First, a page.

Some are not such a fan, here's why!

If you look at the track record of other famous investors who have been around a long time, such as Warren Buffett and Charlie Munger of Berkshire Hathaway - two US Billionaires who made a name by having smart lifetime investments - are NOT a fan of Cryptocurrency at all. Their friend Bill Gates, who has also obtained more wealth than his founding company Microsoft over the years with investments, tends to agree with them.

But why? While everybody is hyping about Bitcoin rising, why are these investors saying no? Plenty would say that technology would not be Buffett's forte, or maybe it's out of Gates' league - but they understand one thing fundamentally about investing, and how they've chosen to invest over their lifetimes thus far:

Crypto is a Non-Tangible Asset

Crypto-currency is not based upon any fundamental value - plenty will point to how revolutionary the blockchain technology is, and let's face it - most of us don't entirely understand it. But the technology, and the currency will work, regardless of whether one coin is worth $0.0001 or $1 Million. And there is always a looming question with no answer - which Cryptocurrency will win this race in the long run, and therefore which currency should we be invested in? Will Bitcoin continue the lead?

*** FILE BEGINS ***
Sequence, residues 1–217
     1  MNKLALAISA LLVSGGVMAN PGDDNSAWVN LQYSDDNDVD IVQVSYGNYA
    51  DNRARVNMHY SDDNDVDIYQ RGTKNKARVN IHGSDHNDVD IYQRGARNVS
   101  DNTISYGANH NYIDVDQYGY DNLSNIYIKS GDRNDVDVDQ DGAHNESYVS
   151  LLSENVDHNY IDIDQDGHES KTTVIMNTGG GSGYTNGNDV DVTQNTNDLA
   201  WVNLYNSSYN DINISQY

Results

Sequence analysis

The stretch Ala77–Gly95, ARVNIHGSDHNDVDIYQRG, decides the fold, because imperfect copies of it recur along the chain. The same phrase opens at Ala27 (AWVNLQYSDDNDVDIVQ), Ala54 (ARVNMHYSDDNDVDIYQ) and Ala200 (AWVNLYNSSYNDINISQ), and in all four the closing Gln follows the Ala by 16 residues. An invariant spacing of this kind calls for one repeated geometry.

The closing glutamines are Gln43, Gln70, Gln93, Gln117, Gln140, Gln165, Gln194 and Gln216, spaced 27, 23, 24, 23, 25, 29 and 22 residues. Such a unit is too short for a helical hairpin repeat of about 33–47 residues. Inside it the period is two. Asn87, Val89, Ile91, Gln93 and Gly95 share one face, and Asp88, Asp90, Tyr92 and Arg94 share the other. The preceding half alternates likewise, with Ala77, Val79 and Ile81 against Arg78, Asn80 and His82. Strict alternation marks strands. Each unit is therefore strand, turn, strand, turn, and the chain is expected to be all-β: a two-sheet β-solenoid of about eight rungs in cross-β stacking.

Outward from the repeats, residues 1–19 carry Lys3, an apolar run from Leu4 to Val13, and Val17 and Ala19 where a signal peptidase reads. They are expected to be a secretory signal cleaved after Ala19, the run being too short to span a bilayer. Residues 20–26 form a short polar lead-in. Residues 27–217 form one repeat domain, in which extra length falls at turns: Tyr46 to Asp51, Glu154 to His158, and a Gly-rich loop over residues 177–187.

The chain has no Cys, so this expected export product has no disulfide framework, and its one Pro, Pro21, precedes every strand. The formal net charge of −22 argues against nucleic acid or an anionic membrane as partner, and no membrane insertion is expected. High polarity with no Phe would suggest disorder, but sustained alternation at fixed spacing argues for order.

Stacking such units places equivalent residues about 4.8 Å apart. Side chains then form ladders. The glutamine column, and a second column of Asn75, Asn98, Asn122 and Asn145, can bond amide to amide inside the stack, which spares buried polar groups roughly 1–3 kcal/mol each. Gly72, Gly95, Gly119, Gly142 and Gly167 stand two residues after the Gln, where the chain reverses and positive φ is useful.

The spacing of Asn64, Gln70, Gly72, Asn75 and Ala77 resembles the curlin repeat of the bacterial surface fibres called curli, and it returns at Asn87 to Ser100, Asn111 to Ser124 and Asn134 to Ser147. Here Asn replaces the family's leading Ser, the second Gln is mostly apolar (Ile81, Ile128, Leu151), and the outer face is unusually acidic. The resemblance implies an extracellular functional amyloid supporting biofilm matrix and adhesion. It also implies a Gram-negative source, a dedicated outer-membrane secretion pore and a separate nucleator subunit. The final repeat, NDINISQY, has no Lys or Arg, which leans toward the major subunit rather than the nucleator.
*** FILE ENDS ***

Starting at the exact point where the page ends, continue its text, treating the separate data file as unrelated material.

One thing a lot of people overlook, is that profiting from Cryptocurrency comes from one very important transaction, and it's how nearly all profits are made from investing; You must buy the coin for a price, and sell it to somebody else for a higher price.